An attorney by profession, the Long Island native and 20-year Westport resident hosts “The Lisa Wexler Show” during the afternoon drive-time slot on Coxradio’s WSTC-WNLK 1350 AM in Norwalk.
In 2006, after practicing law for 25 years, Wexler cut back to part-time to pursue her first passion, radio. After completing an intensive seven-week vocational program at the Connecticut School of Broadcasting, she returned to law full-time. Nine months later, the stars began to align. She landed shows on WSTC-WNLK and Yale’s WYBC. In 2009, she was named “Gold Coast Best Radio Personality” by readers of Moffly Media’s Fairfield County magazines. In January, she moved to the five-day afternoon drive-time slot on WSTC-WNLK. Wexler produces and writes her own show, with complete editorial control of its content. Earlier this year, she picked up a Gracie Award for her interview with Gloria Steinem.
“My mission is to speak for the voiceless,” she says, “the environment, children, women throughout the world. I talk, hopefully, as a ‘professional cynic:’ I don’t care who’s in power; I call it as I see it.”
And her views on Israel’s security are unwavering. “It doesn’t make sense from Israel’s point of view to kowtow to an enemy that is bent on its destruction,” she said on air in early June, referring to Hamas, whose charter calls for the annihilation of Israel. “Anybody of any normal mind would like to see peace in the region, but peace requires two people across the boundaries willing to shake hands; it can’t just be one.”


Nancy Wyman

Nancy Wyman

Statewide

Nancy Wyman got into politics in 1979 because she was unhappy with her children’s school system. Running for a spot on the Tolland Board of Education – on which she served from 1979-1987 – she eventually became its vice-chairperson.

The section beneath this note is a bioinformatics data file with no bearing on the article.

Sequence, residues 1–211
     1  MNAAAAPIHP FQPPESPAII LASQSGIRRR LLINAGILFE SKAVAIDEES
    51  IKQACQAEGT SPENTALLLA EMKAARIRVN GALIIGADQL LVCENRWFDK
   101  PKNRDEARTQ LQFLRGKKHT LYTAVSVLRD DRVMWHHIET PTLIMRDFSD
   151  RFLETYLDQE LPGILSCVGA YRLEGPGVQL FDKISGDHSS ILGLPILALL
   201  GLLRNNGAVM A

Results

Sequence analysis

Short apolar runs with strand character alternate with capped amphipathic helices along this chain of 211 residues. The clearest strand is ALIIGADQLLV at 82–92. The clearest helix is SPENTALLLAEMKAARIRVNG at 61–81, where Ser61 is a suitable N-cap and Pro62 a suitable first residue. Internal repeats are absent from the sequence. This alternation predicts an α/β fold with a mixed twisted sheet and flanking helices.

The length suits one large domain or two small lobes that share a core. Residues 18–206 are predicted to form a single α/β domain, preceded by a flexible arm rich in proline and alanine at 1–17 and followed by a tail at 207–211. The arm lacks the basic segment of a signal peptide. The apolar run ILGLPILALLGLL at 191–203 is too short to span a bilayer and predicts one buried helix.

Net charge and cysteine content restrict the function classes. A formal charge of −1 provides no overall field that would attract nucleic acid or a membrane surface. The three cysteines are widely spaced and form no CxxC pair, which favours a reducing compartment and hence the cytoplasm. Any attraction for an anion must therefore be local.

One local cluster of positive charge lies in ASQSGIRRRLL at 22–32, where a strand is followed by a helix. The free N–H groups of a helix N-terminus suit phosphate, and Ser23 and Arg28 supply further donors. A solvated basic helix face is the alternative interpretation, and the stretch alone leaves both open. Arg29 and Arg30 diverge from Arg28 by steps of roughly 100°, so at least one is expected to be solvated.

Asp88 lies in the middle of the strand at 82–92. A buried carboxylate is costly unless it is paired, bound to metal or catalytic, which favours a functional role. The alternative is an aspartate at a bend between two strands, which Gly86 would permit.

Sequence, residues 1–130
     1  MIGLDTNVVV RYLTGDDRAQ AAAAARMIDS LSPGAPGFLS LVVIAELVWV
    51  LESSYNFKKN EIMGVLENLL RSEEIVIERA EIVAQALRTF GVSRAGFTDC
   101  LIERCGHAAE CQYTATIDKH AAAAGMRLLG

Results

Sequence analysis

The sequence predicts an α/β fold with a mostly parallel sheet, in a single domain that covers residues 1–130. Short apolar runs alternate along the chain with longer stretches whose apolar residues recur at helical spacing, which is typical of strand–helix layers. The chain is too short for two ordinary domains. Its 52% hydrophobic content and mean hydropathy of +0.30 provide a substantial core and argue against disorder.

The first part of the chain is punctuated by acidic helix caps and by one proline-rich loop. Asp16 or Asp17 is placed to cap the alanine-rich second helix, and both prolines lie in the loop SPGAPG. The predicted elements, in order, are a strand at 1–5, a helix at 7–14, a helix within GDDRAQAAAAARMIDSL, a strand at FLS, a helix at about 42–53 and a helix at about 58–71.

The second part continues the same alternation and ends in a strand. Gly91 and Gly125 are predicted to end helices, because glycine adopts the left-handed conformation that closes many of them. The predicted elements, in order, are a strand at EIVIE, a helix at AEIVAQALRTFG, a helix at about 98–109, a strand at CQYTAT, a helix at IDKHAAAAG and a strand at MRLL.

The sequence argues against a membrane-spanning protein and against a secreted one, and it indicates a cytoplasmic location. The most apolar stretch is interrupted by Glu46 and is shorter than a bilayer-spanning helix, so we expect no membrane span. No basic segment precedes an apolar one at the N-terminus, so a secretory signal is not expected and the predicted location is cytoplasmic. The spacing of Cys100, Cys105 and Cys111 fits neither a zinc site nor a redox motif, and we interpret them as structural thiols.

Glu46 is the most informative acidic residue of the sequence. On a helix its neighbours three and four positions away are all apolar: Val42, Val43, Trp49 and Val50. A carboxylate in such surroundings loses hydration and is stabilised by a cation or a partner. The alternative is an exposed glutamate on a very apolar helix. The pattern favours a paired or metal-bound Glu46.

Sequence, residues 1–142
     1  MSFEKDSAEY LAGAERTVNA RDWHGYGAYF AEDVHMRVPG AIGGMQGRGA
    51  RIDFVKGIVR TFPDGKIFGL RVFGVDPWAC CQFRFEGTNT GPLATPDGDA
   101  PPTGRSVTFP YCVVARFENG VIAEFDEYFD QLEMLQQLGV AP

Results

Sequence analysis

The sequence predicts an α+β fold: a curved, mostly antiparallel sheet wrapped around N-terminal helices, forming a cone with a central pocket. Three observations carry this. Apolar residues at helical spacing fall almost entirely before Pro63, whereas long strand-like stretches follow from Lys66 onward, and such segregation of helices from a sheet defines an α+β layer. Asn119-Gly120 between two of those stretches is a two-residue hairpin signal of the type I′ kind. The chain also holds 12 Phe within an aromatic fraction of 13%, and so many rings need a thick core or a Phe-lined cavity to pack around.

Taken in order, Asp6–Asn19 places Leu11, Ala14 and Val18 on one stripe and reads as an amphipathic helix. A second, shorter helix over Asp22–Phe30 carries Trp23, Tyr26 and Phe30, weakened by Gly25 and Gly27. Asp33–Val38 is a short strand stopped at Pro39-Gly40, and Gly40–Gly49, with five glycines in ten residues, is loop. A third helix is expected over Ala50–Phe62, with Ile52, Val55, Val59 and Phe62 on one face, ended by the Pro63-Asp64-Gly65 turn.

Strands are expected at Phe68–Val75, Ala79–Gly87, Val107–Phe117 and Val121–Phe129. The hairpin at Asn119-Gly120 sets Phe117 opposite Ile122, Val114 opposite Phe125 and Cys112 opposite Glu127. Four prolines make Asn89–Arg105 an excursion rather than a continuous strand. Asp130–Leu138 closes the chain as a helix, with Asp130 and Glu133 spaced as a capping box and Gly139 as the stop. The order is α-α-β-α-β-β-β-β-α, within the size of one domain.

The rest is history, literally. After a stint as a state representative in the 53rd district she ran for State Comptroller and became the first woman to hold that office since the position was created in 1786.
Wyman was a natural choice to run for Lt. Governor when the Democratic Party convened its convention. Running on the ticket with Dan Malloy, they faced off against Ned Lamont and Mary Glassman in the Democratic primary in August and won. In November they were victorious again, beating Republican gubernatorial candidate Tom Foley and his running mate, Danbury Mayor Mark Boughton.
A beloved figure in Connecticut politics and a guaranteed shoe-in for reelection as comptroller if she had chosen to run again, Wyman said she chose to serve with Malloy because during these difficult fiscal times, the state of Connecticut needs her.
“You don’t always take the easy road…you take the road you believe in…”


Gary Wolff

Gary Wolff

Storrs

Last July, 29-year-old South African native Gary Wolff took over as executive director of Hillel at UConn. Growing up in the close-knit Jewish community of Johannesburg, he lived through apartheid and saw its eventual abolition. As a result, he brings to the job a unique perspective on Jewish identity, pluralism, and tikkun olam. Wolff came to Connecticut after serving in various professional capacities with Hillel in southern Florida for five years.
Wolff also shepherded Hillel’s home through its recent redesign and reconstruction. In October, the Trachten-Zachs Hillel House opened its doors, named for major “investors” Morris N. Trachten and family, and Henry Zachs and family. This marks the first time the building has seen any renovations in its 60-year history.
“I want students to feel that they have a Jewish home away from home,” Wolff says. “UConn Hillel serves our students’ religious needs, but it’s more a social and cultural institution. This is a place where students can sit and explore their own identity in a place they can call home. It covers the whole gamut of what a religious and cultural institution would. I tell Jewish parents that there is absolutely no reason they should not send their children to UConn. It’s a great university with a great Hillel, a great kosher kitchen, and a great student body.”